Torpig, also known as Sinowal, is a 3 year-old banking trojan, which ranks pretty high amongst the most resilient and complex pieces of malware. The Trojan is being distributed through Mebroot, a rootkit that installs itself at the low level of a computer, inside the Master Boot Record , making it very resilient to av detection.

Another state of the art technique employed by Torpig is the domain flux, where a list of domain names is periodically generated by each infection according to an algorithm, which are then queried in order to locate a command and control server. The researchers hijacked the botnet by registering some of the domains in advance, before its owners succeeded in regaining control some ten days later.

While the driving force between the Torpig operation is the illegal monetary gain, the trojan does not only steal financial information, which is clearly the most valuable of all. The malware is able to log & sort user input into more than 29 popular applications, including the top 3 browsers, IE, Firefox & Opera, e-mail clients like Outlook, Thunderbird and Eudora, or instant messengers like ICQ or Skype. Login credentials, accounts and passwords are targeted.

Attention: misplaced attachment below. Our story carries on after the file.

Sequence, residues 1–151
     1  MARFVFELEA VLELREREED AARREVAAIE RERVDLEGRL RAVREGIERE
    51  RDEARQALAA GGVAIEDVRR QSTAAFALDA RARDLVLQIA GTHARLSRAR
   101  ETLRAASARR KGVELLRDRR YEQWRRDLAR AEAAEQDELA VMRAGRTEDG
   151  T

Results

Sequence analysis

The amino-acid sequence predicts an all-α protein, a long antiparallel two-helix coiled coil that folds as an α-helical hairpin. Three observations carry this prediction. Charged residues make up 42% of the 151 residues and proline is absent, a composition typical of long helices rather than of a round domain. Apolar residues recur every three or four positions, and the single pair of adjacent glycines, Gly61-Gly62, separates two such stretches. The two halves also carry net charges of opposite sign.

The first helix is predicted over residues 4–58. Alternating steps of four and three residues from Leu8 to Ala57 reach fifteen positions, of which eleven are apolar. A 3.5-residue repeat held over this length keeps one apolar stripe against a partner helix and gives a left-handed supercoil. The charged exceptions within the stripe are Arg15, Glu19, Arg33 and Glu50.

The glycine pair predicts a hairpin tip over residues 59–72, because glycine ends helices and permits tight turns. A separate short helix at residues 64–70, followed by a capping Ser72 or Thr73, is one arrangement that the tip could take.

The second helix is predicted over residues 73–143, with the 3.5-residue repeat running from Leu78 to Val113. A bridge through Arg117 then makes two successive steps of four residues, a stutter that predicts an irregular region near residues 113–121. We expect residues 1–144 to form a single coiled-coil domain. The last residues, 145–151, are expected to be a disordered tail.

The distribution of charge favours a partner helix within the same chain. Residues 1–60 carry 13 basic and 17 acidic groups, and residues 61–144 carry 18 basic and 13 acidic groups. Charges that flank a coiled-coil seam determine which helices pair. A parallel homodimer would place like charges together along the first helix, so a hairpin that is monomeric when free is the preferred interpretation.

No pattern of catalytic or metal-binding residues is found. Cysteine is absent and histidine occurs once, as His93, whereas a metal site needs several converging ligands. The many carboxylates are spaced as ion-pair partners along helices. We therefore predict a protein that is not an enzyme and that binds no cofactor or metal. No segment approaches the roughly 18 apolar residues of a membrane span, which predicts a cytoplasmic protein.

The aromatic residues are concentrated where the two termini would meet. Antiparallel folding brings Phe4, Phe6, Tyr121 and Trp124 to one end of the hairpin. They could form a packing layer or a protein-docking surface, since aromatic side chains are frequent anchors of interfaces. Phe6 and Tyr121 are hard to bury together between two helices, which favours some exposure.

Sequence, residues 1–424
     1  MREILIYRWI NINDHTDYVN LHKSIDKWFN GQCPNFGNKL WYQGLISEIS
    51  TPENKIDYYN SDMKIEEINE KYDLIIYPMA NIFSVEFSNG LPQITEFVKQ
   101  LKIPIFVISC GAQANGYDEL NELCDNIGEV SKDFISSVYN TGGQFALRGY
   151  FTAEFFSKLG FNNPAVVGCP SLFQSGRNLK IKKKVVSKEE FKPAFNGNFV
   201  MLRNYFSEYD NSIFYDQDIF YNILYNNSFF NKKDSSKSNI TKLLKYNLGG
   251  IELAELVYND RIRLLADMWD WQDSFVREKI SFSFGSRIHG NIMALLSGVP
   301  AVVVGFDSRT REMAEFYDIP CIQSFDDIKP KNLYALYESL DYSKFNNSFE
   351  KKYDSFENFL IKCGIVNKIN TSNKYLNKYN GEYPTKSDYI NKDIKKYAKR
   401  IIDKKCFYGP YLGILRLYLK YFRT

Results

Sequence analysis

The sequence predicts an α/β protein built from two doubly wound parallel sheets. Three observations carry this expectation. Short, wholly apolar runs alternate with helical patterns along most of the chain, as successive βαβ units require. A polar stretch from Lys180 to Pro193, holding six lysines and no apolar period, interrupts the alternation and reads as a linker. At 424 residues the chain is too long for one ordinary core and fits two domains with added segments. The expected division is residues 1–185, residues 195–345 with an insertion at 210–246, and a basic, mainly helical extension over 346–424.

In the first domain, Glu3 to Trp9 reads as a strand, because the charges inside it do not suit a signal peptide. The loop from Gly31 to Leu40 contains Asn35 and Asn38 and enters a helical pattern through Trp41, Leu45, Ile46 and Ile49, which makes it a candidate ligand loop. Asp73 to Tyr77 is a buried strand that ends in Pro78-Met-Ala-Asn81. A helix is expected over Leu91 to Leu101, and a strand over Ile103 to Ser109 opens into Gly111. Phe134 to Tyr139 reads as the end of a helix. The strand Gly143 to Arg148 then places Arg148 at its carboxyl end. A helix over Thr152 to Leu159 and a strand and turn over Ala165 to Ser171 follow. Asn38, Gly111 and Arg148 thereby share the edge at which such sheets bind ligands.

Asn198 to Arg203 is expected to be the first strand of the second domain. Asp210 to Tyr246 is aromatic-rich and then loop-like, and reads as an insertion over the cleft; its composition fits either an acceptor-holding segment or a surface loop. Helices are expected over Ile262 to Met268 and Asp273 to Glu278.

Torpig instruments local phishing attacks, by injecting rogue forms into the legit pages loaded into the browsers. These forms ask users for their sensitive financial details and are hard to identify, because they can be inserted at the browser level at any point during the user session, even if the connection is established over SSL.

The researchers collected an impressive 70GB of data during the 10 days of hijacking & estimated that 182,800 bots connected to their C&C server. This number was determined after special methodology was used and not by counting unique IP addresses. In fact, a total number of 1,247,642 unique IPs were observed, forcing the researchers to conclude that, "Taking this value as the botnet size would overestimate the actual size by an order of magnitude."

Another interesting conclusion is the high possibility that the botnet, or, parts of it, are being lent to third-party criminals. This is suggested by unique and never-changing build names appended to all types of communications and the collected information. "The most convincing explanation of the build type is that it denotes different 'customers' of the Torpig botnet, who, presumably, get access to their data in exchange for a fee," the researchers note.